Megara (Disney character)
Megara, also known as Meg, is a fictional character in Disney's animated film Hercules (1997). Voiced by actress Susan Egan, Meg is introduced as a cynical young woman enslaved by Hades, god of the underworld. Hades forces Meg to uncover Hercules' weaknesses by seducing him in return for her freedom, only to develop genuine feelings for the character instead. Loosely based on Megara and Deianira, Hercules' first and second wives in Greek mythology, directors Ron Clements and John Musker adapted Meg into a morally conflicted con artist, while basing her role and personality on 1940s screwball comediennes, particularly actress Barbara Stanwyck's performance in The Lady Eve (1941).
|First appearance||Hercules (1997)|
|Created by||Ron Clements|
|Voiced by||Susan Egan|
Egan had already been starring as Belle in the stage adaptation of Disney's Beauty and the Beast (1994) when she learned of auditions for Hercules. Despite campaigning heavily for the role of Meg, Disney initially prevented Egan from auditioning because the studio felt that Meg and Belle's personalities differed too greatly, doubting that the actress could voice the former convincingly until she ultimately proved capable. To prepare for both her audition and the role, Egan drew inspiration from several classic Hollywood actresses, including Joan Crawford, Bette Davis and Lauren Bacall, in addition to Stanwyck. After opting not to draw the character realistically, supervising animator Ken Duncan decided to incorporate elements of Greek pottery into Meg's hair, body and clothing, while borrowing some of Egan's own mannerisms.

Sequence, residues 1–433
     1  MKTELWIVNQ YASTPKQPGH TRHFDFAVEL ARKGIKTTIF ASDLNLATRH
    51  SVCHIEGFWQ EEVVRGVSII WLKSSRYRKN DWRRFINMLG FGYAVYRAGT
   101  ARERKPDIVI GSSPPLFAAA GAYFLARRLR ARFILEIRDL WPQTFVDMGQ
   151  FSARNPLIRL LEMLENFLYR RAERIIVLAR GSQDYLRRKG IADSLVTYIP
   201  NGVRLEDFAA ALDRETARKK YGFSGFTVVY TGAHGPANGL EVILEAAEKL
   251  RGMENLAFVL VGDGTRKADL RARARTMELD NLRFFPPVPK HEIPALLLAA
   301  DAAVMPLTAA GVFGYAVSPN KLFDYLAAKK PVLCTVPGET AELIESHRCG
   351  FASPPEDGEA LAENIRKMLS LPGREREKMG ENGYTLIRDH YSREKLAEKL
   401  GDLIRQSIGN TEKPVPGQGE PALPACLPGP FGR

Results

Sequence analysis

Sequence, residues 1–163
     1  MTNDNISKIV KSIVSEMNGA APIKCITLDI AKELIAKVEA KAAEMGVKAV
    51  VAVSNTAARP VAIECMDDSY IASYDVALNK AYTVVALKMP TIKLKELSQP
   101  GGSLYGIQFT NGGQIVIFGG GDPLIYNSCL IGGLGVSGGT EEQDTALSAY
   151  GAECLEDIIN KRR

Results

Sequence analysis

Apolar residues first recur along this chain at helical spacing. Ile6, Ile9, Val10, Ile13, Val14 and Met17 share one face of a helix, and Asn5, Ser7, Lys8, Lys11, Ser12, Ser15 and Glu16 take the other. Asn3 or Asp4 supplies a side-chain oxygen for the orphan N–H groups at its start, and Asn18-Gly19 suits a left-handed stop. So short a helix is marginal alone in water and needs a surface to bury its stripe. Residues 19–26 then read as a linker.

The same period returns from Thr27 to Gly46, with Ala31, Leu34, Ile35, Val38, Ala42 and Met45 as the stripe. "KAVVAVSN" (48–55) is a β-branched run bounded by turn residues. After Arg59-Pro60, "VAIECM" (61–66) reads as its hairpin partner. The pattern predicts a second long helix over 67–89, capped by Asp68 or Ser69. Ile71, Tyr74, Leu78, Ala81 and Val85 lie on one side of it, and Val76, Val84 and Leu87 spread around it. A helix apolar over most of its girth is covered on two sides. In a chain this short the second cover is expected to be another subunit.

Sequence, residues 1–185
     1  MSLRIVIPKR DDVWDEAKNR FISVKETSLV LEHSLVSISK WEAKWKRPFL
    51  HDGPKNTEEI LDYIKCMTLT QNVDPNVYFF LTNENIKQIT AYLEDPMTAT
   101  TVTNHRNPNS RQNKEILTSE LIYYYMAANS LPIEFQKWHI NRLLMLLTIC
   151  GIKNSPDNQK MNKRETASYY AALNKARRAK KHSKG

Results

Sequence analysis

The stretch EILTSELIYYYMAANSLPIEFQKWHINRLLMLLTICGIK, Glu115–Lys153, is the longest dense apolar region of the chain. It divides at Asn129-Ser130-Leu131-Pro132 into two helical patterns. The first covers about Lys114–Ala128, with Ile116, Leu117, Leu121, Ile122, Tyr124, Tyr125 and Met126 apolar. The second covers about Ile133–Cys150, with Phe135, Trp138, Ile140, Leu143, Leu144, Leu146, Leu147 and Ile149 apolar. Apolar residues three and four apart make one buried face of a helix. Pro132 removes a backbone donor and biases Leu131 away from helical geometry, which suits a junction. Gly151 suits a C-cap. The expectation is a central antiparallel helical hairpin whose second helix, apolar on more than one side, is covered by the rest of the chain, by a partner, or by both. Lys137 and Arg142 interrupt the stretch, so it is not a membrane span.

Reception towards Meg has been positive, with critics welcoming her independence, wit and complexity as a departure from previous Disney heroines, as well as praising Egan's performance. The character is considered to be underappreciated by contemporary critics, with several media publications ranking her among Disney's most underrated heroines. Meg has made subsequent appearances in the film's sequel, television spin-off and video game adaptations, as well as a live-action version in Once Upon a Time, portrayed by Kacey Rohl.
Creation and writingEdit
Megara's role in Hercules is one of several creative liberties Disney took when adapting the Greek myth into an animated film. In Greek mythology, Megara is Hercules' first wife, with whom the character has several children. The eldest daughter of King Creon, Megara is gifted to Hercules after he defeats the Minyans at Orchomenos. Megara and their children are eventually killed by Hercules himself, having been driven to insanity by Hera, the wife of his unfaithful father Zeus. These elements were entirely omitted from the animated film while retaining a female character named "Meg", instead adapting her into a con artist with a troubled past, whose relationship with Hercules ultimately redeems her.